An early 16th century middle class gown, based on a portrait by Holbein the Elder.
Although many people make their early 16th century German gowns with elaborate sleeves (or no sleeves at all), these simple long sleeves were very common in the middle class – as was simple black guarding. I’d wanted to make a blue German gown for some time, but it needed to be the right blue – a natural dyed colour.
Research & Design
This gown is based on the Portrait of a 34 year old woman by Hans Holbein the Elder. I loved the whole outfit and wanted to make the lot – Rock, Hemd, belt and Steuchlein. But yellow does not suit me at all.
I found a contemporary portrait by Ulrich Apt in very similar style, although plainer – this one in the blue I was looking for. Perfect!
In both cases, the front of the bodice is not completely closed, but fastened at the top with a tie, or with hooks and eyes. Both have simple sleeves, black guarding and a wide necked Hemd (smock). The portraits do not show the skirt, so I have assumed a simple pleated skirt with a single hem guard.
First step was dyeing the fabric. I’d found a good medium-weight linen, but in a bright turquoise. Over-dyeing it with a commercial blue dye made a much better colour.
To deal with the on-the-shoulder-point neckline, I used the same Raglan cut I had developed for my red Holbein gown. However, by this time I had figured out the importance of rotating the sleeve to get the right cuff shape, so the sleeve pattern is very different.
As usual at this time, I interlined the bodice with heavy cotton canvas, and the sleeve with a lighter linen. The rotated sleeve meant a different construction sequence. I sewed the bodice side seams, sew the sleeve seams, and then inserted the sleeve into the bodice.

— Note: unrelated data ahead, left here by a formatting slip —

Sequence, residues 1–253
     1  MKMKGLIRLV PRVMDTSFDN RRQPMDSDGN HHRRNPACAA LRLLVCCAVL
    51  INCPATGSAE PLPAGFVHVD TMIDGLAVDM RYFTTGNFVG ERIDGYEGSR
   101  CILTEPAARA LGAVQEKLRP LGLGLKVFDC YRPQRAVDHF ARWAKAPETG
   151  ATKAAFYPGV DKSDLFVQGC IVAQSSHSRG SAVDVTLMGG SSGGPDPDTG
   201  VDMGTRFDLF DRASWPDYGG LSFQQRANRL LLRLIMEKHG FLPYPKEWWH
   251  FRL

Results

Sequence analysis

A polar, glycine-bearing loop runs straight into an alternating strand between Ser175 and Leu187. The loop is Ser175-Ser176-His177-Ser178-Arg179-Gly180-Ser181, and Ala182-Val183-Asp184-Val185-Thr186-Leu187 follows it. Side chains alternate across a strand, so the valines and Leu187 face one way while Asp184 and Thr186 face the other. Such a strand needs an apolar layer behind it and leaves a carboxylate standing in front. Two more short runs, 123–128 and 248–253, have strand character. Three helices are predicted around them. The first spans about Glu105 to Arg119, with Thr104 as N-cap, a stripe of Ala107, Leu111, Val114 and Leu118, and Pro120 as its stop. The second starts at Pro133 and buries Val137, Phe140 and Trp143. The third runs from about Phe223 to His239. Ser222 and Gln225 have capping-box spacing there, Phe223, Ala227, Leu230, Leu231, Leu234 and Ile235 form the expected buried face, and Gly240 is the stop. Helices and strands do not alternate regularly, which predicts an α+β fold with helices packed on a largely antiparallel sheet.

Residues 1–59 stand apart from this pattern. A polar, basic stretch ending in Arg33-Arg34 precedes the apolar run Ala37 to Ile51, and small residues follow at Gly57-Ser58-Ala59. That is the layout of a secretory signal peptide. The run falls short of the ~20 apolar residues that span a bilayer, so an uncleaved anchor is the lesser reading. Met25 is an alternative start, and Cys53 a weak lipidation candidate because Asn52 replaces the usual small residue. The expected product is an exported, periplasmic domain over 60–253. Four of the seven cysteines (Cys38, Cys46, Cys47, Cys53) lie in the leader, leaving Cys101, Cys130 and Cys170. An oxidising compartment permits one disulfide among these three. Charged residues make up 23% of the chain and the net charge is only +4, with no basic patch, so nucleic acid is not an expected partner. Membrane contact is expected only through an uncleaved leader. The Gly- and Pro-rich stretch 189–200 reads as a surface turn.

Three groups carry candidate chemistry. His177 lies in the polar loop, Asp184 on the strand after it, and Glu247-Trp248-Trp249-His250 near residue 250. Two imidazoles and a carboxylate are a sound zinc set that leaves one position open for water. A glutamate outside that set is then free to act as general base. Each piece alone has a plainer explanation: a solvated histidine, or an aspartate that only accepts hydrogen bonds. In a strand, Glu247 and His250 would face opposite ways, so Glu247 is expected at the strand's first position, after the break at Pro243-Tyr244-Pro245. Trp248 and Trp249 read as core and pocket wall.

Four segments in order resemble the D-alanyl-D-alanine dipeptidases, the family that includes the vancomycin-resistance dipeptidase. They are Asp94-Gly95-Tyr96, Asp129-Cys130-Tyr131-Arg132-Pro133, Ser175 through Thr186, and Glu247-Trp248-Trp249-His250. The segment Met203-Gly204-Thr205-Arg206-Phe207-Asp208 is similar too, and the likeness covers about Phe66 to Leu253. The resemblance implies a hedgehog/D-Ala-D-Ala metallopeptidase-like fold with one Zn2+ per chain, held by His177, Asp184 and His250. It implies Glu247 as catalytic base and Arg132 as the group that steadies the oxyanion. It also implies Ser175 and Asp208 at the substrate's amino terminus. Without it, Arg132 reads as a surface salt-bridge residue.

With the open front, it was essential for the sides to stand on their own, so I basted and sewed the black guarding around the neck edge without bag-lining. I sewed the front seam allowances down to the canvas to form a slim pocket, and inserted a piece of plastic boning, before slip-stitching in the lining.
For the skirt, I followed the same construction as for the Holbein dress, with a black velveteen guard and linen lining.
The heavily embroidered Hemd (smock) is one of the standout features of the Holbein portrait. I worked several samples to see if I could reproduce it, but none of them pleased me, so I usually wore it with a plain Hemd.
I made an underskirt in pink linen, made of straight drops pleated into a simple waistband. The linear decoration was inspired by the underdress shown in Holbein the Younger’s costume study of Basel Woman Turned to the Left.
I did make the belt, making my own buckle plate from sheet brass, and decorating with large brass mounts – a bit too large really, but the closest I could find. And I did embroider the matching headwear, charting the embroidery from the portrait..
I was pleased with the outfit and wore it for many years. I’d kept a fabric sample, which proved useful when I needed to mend the skirt after being holed by a coal from a campfire.
Over time, the overdyed linen went a lighter blue, but still a believable 16th century colour.
I now know how I would make the Hemd, but these days I need more support than an open front gown provides – and a closed style would hide the embroidery. A possible future project…
When I did my big wardrobe cull in 2021, I passed this one on to Isolde, who adapted it to a more Netherlandish style.